Five Things Christian Apologetics Must Have
Southern Evangelical Seminary
I was raised in a Christian home, always active in an evangelical church, and was even on a first name basis with my youth pastor. However, I was not “apologetically” prepared for my first year in college. It started after freshman orientation when my advisor met with us and said, “Look, you’re getting a liberal arts degree so you have to take one class in religion and philosophy. Get it over with now. Don’t wait until the end.”
So, by the end of my freshman year, after taking Bible and Philosophy, I still considered myself a Christian, but I was fairly convinced as a result of taking those classes that the Bible contained historical errors and that no argument could prove the existence of God. Those were only the things I could verbalize. I had also internalized that some truth, especially religious truth, must be subjective and relative.
However, I still had this gnawing inclination in the back of my mind. Remember the youth pastor, who I knew by name? I thought, he was smart, went to seminary, knew Greek and Hebrew and even some philosophy, and he did not believe the things I learned in class. Why did I believe them? . . . because my college professor did? All I knew at that point is I had to look into matters more deeply.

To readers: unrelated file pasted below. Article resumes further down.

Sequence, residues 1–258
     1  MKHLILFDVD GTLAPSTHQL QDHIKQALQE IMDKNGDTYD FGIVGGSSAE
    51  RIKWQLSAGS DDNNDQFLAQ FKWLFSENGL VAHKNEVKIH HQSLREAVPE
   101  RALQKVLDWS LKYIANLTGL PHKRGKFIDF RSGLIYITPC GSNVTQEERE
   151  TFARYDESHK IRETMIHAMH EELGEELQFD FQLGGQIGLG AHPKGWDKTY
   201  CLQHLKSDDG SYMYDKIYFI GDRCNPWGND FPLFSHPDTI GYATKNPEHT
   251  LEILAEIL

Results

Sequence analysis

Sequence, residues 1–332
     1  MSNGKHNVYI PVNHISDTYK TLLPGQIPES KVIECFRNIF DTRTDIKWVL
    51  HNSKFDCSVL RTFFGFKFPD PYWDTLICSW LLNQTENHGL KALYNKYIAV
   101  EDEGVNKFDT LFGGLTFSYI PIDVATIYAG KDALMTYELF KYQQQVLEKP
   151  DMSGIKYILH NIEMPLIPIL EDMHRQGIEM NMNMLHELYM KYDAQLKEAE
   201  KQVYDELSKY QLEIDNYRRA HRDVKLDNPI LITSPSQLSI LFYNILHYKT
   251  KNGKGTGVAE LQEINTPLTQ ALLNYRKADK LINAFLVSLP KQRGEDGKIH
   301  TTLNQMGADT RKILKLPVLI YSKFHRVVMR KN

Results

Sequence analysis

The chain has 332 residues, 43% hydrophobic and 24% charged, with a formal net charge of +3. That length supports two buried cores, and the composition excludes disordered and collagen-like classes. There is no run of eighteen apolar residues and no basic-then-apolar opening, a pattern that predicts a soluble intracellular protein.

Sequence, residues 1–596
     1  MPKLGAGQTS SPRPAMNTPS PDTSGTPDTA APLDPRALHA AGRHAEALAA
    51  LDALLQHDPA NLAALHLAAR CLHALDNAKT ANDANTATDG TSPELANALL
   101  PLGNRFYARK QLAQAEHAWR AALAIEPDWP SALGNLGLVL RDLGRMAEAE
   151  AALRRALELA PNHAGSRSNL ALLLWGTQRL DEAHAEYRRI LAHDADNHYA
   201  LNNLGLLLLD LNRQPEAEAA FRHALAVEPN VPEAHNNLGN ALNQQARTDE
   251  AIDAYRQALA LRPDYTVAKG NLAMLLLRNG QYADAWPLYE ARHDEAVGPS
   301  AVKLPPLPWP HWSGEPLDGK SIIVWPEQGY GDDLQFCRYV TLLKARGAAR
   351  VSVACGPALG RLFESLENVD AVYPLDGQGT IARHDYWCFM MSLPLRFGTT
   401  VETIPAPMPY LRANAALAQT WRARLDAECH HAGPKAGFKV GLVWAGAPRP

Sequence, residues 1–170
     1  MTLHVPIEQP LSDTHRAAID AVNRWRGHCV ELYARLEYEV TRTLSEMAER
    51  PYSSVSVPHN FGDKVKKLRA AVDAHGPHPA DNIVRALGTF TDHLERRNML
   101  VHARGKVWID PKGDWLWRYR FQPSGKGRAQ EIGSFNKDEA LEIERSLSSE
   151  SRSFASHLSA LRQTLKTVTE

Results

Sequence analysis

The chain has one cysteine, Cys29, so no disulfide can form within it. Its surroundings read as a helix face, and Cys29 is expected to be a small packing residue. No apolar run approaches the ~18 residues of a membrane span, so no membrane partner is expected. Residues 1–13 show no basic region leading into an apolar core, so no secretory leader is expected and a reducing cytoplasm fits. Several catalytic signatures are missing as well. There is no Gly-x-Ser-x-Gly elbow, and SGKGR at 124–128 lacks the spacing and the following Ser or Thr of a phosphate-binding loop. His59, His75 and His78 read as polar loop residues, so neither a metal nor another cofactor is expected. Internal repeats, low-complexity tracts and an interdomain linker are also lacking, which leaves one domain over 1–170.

Apologetics to the Rescue
Up to this point, all I was exposed to is what I now call evidential or historical apologetics. In other words, I knew the biblical and historical points regarding Jesus’ resurrection. However, that did not help with the philosophy or even supposed errors in the Bible.
Then I finally bought a book titled When Skeptics Ask. It changed me. It was the apologetic baptism I was hoping and looking for. What made that exposure better than any other? In short, it defined what apologetics is and is not, covered truth, arguments for God’s existence, different views of God (worldviews), and organized questions and points to show a systematic defense of the Christian faith.
I was hooked and still am. However, I have discovered that not all approaches to apologetics are created equal. I now use five principles to evaluate apologetics systems, people, books, curriculums, and other materials. If it does not measure up, it does not necessarily mean it is all bad, but it is not complete. Apologetics needs to include these five things…
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